While boiling, filtering or letting tap water stand for a period of time may fix the issue of Chlorine & Flouride in water, these methods will not resolve water that has been Chloriminated.
For the best results from your grow, we recommend using spring water that you can buy at your local store, or using collected rainwater.





Once soaked, gently squeeze your Paper Towelling to remove excess water. The Paper Towelling with the seeds should be moist but not water logged/squishy.



5 Place in Ziplock bag
Once wet, you can further fold up the Paper Towelling to suit your ziplock bag and insert the wet Paper Towelling into a ziplock bag.
We recommend a ziplock bag for convenience sake, but you can also use a plain plastic bag. Nothing too big though.



The main thing is to seal this bag so the moisture does not evaporate and your Paper Towelling with the seeds does not dry out.



Again, make sure you label as you go. While you know what seeds you have just put in the bag, in a week or two you may not be so clear.
Also, when adding other bags with other seeds to the mix, you will get muddled up if things are not labelled.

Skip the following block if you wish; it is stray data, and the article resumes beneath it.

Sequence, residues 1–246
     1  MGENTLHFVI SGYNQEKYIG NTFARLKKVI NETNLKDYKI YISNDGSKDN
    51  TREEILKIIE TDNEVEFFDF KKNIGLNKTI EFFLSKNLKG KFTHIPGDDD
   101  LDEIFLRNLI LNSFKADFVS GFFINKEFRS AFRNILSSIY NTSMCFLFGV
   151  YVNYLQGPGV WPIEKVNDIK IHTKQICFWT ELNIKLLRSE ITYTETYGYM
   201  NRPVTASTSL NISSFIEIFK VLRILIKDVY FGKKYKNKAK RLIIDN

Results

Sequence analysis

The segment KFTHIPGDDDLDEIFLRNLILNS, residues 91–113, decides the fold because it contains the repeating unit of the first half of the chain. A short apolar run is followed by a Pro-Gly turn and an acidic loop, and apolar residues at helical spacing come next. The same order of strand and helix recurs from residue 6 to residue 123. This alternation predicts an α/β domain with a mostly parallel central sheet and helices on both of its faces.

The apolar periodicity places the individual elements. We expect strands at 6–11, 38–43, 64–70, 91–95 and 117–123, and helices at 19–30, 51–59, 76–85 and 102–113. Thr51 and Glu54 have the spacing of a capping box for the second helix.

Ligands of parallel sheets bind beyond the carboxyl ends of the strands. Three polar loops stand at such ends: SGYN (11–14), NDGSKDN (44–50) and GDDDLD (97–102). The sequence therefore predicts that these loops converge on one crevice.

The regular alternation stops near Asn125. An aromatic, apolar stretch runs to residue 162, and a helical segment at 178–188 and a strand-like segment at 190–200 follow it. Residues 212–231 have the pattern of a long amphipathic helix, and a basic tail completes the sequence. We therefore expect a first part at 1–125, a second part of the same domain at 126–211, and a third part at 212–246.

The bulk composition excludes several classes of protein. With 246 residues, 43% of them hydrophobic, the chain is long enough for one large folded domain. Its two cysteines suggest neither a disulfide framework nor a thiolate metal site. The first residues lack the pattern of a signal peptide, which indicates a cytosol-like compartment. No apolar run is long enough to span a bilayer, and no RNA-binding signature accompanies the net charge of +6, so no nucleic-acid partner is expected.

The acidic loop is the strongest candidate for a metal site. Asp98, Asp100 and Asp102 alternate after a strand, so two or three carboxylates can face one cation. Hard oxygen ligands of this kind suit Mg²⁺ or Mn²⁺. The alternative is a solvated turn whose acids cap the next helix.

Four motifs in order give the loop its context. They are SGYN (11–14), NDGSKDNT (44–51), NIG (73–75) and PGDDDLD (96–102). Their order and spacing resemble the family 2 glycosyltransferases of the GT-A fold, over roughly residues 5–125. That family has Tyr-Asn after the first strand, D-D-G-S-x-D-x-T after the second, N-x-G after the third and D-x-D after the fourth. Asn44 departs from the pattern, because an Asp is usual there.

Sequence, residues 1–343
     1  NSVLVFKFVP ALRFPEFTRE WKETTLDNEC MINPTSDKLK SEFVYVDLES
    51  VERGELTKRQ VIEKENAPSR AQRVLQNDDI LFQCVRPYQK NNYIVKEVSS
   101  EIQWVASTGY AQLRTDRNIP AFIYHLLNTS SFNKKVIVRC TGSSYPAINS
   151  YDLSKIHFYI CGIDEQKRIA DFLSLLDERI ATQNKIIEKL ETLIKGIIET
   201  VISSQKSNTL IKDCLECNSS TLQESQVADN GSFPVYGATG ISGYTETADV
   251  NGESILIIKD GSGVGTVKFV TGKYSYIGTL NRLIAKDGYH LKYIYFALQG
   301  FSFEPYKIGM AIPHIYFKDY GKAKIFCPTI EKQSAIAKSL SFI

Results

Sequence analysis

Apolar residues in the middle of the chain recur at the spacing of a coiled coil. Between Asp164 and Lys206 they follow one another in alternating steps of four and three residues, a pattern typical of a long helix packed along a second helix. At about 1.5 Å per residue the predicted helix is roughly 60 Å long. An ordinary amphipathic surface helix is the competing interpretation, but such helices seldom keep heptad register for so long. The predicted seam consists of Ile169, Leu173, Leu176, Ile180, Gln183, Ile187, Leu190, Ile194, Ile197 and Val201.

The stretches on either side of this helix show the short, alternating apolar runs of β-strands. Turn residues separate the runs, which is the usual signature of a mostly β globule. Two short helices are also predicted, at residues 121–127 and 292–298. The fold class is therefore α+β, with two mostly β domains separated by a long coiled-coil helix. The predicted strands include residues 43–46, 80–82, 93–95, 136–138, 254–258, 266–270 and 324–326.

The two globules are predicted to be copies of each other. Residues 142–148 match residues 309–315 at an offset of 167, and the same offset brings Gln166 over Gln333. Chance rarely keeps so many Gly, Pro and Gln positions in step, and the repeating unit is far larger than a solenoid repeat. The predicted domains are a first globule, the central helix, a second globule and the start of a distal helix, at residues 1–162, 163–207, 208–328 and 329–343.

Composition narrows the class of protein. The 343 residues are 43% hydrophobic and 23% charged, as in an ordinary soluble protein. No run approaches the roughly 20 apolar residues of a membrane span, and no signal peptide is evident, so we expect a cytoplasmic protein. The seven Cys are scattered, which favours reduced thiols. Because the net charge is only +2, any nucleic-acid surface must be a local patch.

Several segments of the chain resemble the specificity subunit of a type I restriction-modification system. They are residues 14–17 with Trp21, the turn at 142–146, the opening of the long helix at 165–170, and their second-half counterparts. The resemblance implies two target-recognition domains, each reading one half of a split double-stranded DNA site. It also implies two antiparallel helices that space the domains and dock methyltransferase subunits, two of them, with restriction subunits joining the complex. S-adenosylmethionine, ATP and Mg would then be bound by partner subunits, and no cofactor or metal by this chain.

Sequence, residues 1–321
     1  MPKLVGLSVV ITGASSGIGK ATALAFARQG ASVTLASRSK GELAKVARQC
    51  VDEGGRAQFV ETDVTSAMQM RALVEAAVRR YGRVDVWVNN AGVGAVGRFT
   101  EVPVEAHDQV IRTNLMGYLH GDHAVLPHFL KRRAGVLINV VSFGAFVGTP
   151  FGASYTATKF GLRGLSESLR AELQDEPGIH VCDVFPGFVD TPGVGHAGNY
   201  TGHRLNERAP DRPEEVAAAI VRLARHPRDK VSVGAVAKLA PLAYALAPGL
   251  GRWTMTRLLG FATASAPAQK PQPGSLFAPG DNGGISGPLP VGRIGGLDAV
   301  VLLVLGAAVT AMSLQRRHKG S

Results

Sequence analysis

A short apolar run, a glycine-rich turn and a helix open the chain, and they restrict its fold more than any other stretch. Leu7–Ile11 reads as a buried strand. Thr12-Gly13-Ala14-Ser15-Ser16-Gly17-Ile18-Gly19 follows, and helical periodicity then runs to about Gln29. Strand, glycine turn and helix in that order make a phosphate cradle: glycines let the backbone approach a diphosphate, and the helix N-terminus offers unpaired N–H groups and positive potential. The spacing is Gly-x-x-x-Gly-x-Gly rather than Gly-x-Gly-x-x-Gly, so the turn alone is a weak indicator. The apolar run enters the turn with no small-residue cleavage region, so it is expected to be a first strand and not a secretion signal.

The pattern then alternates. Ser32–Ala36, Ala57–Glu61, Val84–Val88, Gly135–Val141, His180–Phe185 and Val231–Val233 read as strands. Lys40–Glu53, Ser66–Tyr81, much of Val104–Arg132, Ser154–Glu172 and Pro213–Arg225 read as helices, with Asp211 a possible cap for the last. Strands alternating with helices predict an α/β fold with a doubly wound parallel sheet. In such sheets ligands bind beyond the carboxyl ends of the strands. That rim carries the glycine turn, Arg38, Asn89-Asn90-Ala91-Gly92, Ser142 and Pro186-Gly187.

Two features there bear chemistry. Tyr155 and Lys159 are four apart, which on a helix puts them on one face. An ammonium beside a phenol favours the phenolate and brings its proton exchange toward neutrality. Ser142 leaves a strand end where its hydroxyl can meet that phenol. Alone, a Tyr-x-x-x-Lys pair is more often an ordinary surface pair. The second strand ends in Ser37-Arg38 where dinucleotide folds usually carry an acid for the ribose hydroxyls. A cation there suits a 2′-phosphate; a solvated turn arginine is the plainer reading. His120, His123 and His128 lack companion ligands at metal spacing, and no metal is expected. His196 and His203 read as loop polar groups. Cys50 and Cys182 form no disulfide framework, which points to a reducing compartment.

It is also a good idea to put the date on your packet so you know when you started germination. This will become important later on.



6 Place in container with lid
Place your ziplock bag in a plastic container with a lid.



Well done! That is it.

7 Place container in a warm spot in your house
Now you will need to put the container in a place in your house where the seeds will be kept warm.
For best germination results, the seeds should be kept at a constant temperature that is between 25 - 320C (depending on variety).
For germination to occur, your seeds only require warmth and water. Sunlight does not figure in the equation yet. Much to the contrary, most of our customers that have complained about zero germination have kept their seeds neer windows or in direct sunlight. Especially if using a heating pad, direct sunlight during the day while you are at work will cook the seeds (get too hot) and night time temperatures by windows in winter can get way too cold for germination. So please keep the seeds in a warm spot away from windows and direct sunlight. Also, be aware that sunlight coming into your house moves around the room during the day. Choose a spot where the seeds will not be exposed to direct light throught the day.